Unformatted text preview: d.
We desire a stronger property that characterizes when a system is
weighted. In other words, a voting system is weighted if and only if it
has this property. The property we are looking for is called “trade
robust.” Van Essen (U of A) Y/N 23 / 30 Canadian Bacon Theorem
The procedure to amend the Canadian Constitution is swap robust. Proof.
Suppose X and Y are winning coalitions in the system to amend the
Canadian Constitution and that province x 2 X and x 2 Y . Also suppose
/
0 and Y 0 by swapping x and y . We must show
y 2 Y and y 2 X . Form X
/
that either X 0 or Y 0 is still winning.
Both X 0 and Y 0 have at least 7 provinces (why?). If x had more
population than y , then Y 0 is still a winning coalition (why?). If y had
more population that x , then X 0 is still a winning coalition. Van Essen (U of A) Y/N 24 / 30 Trade Robustness De…nition
a yesno voting system is said to be trade robust if an arbitrary exchange
of players (i.e., a series of trades involving groups of players) among
several winning coalitions leaves at least one of the coalitions winning. Van Essen (U of A) Y/N 25 / 30 Trade Robustness 1 In trade robustness, player exchange need not be oneforone as they
are in swap robustness. 2 In trade robustness, the trades may involve more than two coalitions. Van Essen (U of A) Y/N 26 / 30 Trade Robustness
Theorem
Every weighted voting system is trade robust. Proof.
First, a series of trades among several winning coalitions leaves the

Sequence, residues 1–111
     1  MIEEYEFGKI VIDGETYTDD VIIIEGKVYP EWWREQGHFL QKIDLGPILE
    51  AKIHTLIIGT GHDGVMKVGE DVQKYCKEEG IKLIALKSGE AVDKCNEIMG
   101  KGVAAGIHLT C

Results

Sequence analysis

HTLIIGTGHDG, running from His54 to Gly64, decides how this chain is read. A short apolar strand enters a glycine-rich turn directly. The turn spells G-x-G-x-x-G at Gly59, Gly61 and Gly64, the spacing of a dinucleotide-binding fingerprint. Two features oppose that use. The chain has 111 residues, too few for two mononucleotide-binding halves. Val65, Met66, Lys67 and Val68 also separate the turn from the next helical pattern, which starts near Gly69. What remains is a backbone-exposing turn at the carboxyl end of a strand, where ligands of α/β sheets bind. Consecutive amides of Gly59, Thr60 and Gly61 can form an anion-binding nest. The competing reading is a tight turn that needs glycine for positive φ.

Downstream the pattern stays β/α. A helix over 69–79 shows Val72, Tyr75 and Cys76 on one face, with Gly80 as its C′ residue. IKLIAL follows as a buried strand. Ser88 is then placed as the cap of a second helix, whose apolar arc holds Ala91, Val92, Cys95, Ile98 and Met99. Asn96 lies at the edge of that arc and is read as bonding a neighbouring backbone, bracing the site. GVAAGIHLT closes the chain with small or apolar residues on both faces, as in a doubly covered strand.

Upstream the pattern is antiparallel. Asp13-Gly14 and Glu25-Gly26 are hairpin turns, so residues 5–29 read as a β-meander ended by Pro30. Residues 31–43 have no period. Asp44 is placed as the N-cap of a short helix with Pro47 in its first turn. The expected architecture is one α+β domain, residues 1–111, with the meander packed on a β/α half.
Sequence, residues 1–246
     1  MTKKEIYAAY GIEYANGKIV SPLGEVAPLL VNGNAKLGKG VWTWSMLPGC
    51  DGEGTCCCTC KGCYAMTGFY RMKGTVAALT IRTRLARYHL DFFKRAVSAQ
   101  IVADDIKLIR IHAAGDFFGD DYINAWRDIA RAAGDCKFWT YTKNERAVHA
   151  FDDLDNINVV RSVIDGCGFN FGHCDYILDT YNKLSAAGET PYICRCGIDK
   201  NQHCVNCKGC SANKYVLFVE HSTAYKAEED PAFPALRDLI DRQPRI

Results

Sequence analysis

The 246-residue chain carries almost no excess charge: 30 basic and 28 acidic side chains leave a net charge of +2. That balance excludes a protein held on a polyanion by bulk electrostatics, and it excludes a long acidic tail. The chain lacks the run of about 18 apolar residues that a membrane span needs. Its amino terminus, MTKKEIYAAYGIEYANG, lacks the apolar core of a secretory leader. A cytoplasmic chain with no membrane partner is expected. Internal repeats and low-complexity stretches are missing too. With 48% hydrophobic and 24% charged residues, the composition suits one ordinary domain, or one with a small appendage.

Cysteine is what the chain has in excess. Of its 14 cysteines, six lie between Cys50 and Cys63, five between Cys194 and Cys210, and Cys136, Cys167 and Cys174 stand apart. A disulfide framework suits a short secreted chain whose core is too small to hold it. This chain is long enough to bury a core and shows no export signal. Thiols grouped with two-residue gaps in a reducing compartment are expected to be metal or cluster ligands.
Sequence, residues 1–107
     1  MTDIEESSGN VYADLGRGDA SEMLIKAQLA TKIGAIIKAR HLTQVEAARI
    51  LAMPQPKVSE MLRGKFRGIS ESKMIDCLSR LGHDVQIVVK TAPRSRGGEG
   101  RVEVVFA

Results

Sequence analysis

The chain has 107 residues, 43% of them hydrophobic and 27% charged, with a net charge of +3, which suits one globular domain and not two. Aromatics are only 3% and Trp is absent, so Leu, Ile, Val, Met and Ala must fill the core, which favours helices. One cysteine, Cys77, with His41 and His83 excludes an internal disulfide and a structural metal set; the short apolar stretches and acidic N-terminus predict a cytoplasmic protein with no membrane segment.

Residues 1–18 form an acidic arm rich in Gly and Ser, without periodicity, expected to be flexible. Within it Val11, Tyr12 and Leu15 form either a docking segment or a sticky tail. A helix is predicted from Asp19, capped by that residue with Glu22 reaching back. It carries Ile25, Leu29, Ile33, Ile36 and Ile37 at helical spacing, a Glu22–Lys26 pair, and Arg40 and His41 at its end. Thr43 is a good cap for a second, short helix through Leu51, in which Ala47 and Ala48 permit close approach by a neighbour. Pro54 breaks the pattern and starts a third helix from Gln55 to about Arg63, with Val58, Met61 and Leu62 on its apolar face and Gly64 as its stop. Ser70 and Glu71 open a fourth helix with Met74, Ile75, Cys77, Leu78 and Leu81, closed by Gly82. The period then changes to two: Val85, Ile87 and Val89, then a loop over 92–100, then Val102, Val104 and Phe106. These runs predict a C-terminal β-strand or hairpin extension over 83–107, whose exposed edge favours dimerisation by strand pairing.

number of coalitions to which each voter belongs unchanged. Thus, the
toal weight of all coalitions added together is unchanged. Moreover, since
the number of coalitions is unchanged, the average weight of the coalitions
is unchanged.
If we start with several coalitions whose weight meets the quota, their
average weight of these coalitions must meet the quota as well. After the
trades, the average weight still meets the quota. Hence, there must be at
least one coalition whose weight still meets the quota and is winning. Van Essen (U of A) Y/N 27 / 30 Trade Robustness and Canada
Theorem
The procedure to amend the Canadian Constitution is not trade robust. Proof.
Let X and Y be
X
PE Island (0%)
Newfoundland (2%)
Manitoba (4%)
Saskatchewan (3%)
Alberta (11%)
British Columbia (13%)
Quebec (23%) Van Essen (U of A) Y
New Brunswick (2%)
Nova Scotia (3%)
Manitoba (4%)
Saskatchewan (3%)
Alberta (11%)
British Columbia (13%)
Ontario (39%) Y/N 28 / 30 Trade Robustness and Canada Proof.
[Proof cont.] Let X 0 and Y 0 be formed by trading PE Island and
Newfoundalnd for Ontario. Now X 0 is losing because it has too few
provinces and Y 0 is losing because it does not have enough population. Corollary
The procedure to amend the Canadian Constitution is not a weighted
voting system. Van Essen (U of A) Y/N 29 / 30 Trade Robustness: Characterization Theorem Theorem
A yesno voting system is weighted if and only if it is trade robust. Van Essen (U of A) Y/N 30 / 30...
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 Spring '12
 Vanessen
 The Land, United Nations Security Council, van Essen, yesno voting

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